THE RULE OF THE LAY CHAPTERS OF ST. DOMINIC
The Historical Development of The Rule
The Dominican Laity originated in its present form with the promulgation of the first Rule under Munio de Zamora, Master of the Order in 1285. The spiritual origin of the Laity was in the penitential movements centered around Saint Dominic, who gathered around himself groups of the Laity for the spiritual and material defense of the Church and for apostolic work. The Laity has existed, under various names, as long as the Dominican Order itself and has always performed specific functions and collaborated closely with the other branches of the Dominican Family. There have been five Rules for the Dominican Laity since the foundation of the Order. The first was that promulgated by Munio de Zamora in 1285, for the Brothers and Sisters of Penance of Saint Dominic. The Rule of Munio, slightly amended, received papal approval in 1405. This Rule survived for centuries, serving the laity and being adopted for other branches of the Dominican Family.
The second Rule, adapted to the new Code of Canon Law in 1917, was approved in 1932 under Master Louis Theissling, with the title: Rule of the Secular Third Order of Saint Dominic. After Vatican II, the need was felt for a new Rule or an updating of the 1932 Rule; accordingly, the third Rule was approved in 1964. However, the General Chapter of River Forest in 1968 proposed a fourth Rule, which was promulgated by Master Aniceto Fernandez 1969 and approved on an experimental basis by the Sacred Congregation for Religious in 1972 under the title: Rule of the Lay Fraternities of Saint Dominic. With this title, reference to Third Order had disappeared, to be confirmed by legislation of the 1974 General Chapter at Madonna Dell ‘Arco, abolishing such terms as First, Second and Third Order.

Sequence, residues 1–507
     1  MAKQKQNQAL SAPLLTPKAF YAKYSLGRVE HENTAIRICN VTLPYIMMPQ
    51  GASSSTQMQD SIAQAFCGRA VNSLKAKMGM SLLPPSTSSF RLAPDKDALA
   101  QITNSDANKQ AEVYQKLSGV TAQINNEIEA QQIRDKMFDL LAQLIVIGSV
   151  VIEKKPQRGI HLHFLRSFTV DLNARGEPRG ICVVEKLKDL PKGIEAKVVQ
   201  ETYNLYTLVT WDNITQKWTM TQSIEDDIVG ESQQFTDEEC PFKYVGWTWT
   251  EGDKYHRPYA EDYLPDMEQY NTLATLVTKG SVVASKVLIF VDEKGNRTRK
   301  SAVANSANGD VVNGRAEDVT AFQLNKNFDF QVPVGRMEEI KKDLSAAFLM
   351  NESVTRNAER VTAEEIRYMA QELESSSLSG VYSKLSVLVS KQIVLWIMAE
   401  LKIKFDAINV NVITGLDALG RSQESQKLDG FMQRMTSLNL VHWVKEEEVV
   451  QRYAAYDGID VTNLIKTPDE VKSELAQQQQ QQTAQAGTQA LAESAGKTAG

Finally, after the promulgation of the new Code of Canon Law and the Bologna Document on the Dominican Family, the General Chapter of Rome that same year, 1983, commissioned the Master of the Order to hold an International Congress of the Dominican Laity in order to renew and adapt its Rule. This, the fifth Rule, The Rule of the Lay Chapters of Saint Dominic, was approved by the Sacred Congregation for Religious and Secular Institutes in January 1987 and promulgated by Master Damien Byrne on January 28, 1987.
[Excerpted from The Dominican Laity Handbook, Province of the Assumption, Australia]
English Translation of The Rule
I. The Fundamental Constitution of the Dominican Laity
(Laity in the Church)
1. Among the Christian faithful, men and women living in the world by virtue of their Baptism and Confirmation, have been made partakers in the prophetic, priestly and royal mission of our Lord Jesus Christ. They are called to make the presence of Christ alive [Southern Province variation: to make Christ present] in the midst of the people so that the divine message of redemption may be heard and welcomed by all everywhere.
2. Some of these Christian faithful, moved by the Holy Spirit to live according to the spirit and charism of Saint Dominic, are incorporated into the Dominican Order through a special commitment according to their appropriate statutes.
3. Gathered together in their communities, with the other groupings of the Order, they constitute one Dominican Family.
(Distinctive Character of Dominican Laity)
4. Within the Church they have a distinctive character in both their spirituality and service to God and neighbor. As members of the Order, they participate in its apostolic mission through prayer, study, and preaching according to the state of the laity.
5. Supported by their mutual communion [Southern Province variation: fraternal union], in the example of Saint Dominic, Saint Catherine of Siena and our predecessors, who have enlightened the life of the Order and the Church, they witness their own Faith, attentive to the needs of people of their time and serving Truth.